The Portland BLM Protests: A first-hand account

Ted Corcoran is a disabled veteran, an advocate and a member of Tuesdays with Tillis. He traveled to Portland to document the Black Lives Matter protests and shared his videos with us at a recent Tuesday meeting.

You can follow Ted at:

Twitter: @RedTRaccoon

Instagram: redtraccoon

Youtube: Red Raccoon

Thanks to Gary Pearce for taping and editing Ted’s presentation. Gary’s info can be found on our Zoom Meeting page.

Monday Meeting with the TwT Food Committee

Vegetables arranged in a rainbow pattern

Join us for a zoom call on Monday, 7/13 at 12 noon sponsored by the Tuesdays with Tillis food group.  We welcome Jenna Wadsworth, who is running for NC Commissioner of Agriculture as our special guest. The meeting will be facilitated by our friend Lowell Simon, who is running for NC House of Representatives. Together with the Moore County NAACP Lowell has been working on feeding hungry people since the beginning of the pandemic. What we saw as a temporary food crisis now may be very lengthy and very serious indeed. What does this mean for the work of the Commissioner of Agriculture? All who are interested in food and hunger in North Carolina are welcome to join us.

Join Zoom Meeting
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Password: 649011
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Absentee Ballot Request Form – FAQ

This is taken from the North Carolina 2020 Absentee Ballot Request Form.

1. Why Should You Care? The general election is set for Tuesday, November 3rd . It is unlikely that we will have a COVID-19 vaccine by this date, let alone have had enough time to innoculate the whole population. Additionally, there could be a 2nd wave that could impact your ability to get to the polls to cast your vote. By requesting an Absentee Ballot, you will be able to mail/deliver your vote without jeapardizing yourself nor your family and friends.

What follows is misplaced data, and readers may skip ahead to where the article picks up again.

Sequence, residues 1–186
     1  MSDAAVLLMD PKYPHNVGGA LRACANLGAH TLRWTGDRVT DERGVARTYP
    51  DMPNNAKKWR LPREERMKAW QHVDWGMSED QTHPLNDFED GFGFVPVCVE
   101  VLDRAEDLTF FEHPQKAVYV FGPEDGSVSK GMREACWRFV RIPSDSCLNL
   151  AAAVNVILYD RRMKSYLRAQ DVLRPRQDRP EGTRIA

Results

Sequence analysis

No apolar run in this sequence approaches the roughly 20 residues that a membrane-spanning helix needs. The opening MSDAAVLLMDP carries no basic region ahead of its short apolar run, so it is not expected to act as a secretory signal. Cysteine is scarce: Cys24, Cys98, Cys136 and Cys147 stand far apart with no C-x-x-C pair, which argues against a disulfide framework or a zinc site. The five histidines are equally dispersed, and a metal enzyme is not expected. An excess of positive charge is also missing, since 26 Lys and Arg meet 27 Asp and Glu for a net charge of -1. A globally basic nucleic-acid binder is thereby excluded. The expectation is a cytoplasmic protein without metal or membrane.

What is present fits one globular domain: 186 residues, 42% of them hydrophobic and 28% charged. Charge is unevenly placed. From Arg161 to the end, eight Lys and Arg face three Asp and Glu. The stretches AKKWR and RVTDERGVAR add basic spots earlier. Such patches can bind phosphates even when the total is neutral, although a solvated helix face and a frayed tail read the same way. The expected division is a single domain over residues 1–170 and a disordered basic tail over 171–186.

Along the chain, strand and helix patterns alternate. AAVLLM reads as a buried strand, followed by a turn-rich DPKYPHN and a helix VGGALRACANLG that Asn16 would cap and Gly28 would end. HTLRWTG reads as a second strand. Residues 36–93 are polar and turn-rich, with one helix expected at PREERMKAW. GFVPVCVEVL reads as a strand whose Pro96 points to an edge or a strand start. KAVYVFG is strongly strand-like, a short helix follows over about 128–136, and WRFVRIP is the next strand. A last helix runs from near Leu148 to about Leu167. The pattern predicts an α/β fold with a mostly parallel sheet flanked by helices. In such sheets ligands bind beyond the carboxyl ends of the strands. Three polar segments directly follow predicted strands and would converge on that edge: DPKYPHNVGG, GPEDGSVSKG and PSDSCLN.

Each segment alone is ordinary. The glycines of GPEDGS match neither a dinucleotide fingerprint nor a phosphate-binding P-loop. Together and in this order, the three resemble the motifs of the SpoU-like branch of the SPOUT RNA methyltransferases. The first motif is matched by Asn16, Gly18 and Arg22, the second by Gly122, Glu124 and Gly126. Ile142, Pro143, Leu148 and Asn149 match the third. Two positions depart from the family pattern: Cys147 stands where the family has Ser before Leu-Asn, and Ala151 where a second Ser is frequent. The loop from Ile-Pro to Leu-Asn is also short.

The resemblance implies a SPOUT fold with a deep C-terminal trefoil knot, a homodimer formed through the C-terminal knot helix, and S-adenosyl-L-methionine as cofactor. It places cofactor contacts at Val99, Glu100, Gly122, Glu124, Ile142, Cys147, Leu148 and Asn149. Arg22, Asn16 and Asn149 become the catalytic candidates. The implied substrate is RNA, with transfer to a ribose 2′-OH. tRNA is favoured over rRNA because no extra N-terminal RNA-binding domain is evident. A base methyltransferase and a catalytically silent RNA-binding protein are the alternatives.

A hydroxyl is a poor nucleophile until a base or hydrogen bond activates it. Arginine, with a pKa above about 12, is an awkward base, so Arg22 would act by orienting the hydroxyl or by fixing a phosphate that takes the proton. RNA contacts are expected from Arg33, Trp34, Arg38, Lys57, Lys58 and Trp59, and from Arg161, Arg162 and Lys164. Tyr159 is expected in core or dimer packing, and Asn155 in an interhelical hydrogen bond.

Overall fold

2. When can I fill in the attached form and send to my County Board of Elections? Now!

3. How do I make a request for an Absentee Ballot? Read through the information on Page 2, Complete the form on Page 3, and mail the completed form to your County Board of Elections found on Page 4.

4. What is the cutoff to submit the attached form? No later than 5pm the Tuesday before the general election, October 27, 2020.

5. Can I request an Absentee Ballot and then change my mind and decide to vote in person? Yes. Along as you have not returned the Absentee Ballot to your County Board of Elections, you can still vote in person during Early Elections or on Election Day. But once you have returned your Absentee Ballot, you have voted and can not vote again for this election.

6. If I decide to vote in person, do I need to take my Absentee Ballot? No. The poll workers will provide you a new ballot to be used. You may bring the Absentee Ballot if you desire but you will not be able to use that Absentee Ballot as your in-person Ballot.

7. When will I receive my actual Absentee Ballot? Once the ballots have been locked and printed.

8. What is required to complete the Absentee Ballot? Follow the directions that come with the Absentee Ballot. Currently there are two ways to verify an Absentee Ballot is valid: 1) Two signatures that attest that you alone have made your selections or 2) You make your selections with a Notary Present. There is current legislation pending that could change this requirement, so follow the directions that will come with the Absentee Ballot.

9. How do I return my Absentee Ballot? Once you have completed the directions, you can mail the Absentee Ballot to your County Board of Elections. Some County Board of Elections will have drop boxes available; follow the directions that come with your Absentee Ballot. Note only the voter or the voter’s near relative (spouse, brother, sister, parent, grandparent, child,
grandchild, mother-in-law, father-in-law, daughter-in-law, son-in-law, stepparent, or stepchild) may take possession of the absentee ballot for purposes of returning the ballot to the board of elections.

10. May I mail my voted absentee ballot in the same envelope as another person’s envelope? No. The envelope is specific to that voter and must contain only that voter’s ballot. So a husband and wife can NOT place their ballots in the same return envelope.

11. When do I need to return my Absentee Ballot in order for it to count? You need to have the Absentee Ballot at your County Board of Election Offices by 5pm on November 3, 2020 OR Post Marked by the Post Office by 5pm on November 3, 2020 and then delivered by the Post Office at the County Board of Elections Office no later than 5pm on November 6, 2020.

12. How can I verify my Ballot has been received? You can go to your counties Board of Elections website to see if they can provide your past and current voting status. This is the Wake County site: http://www.wakegov.com/elections/voters/Pages/voterinfo.aspx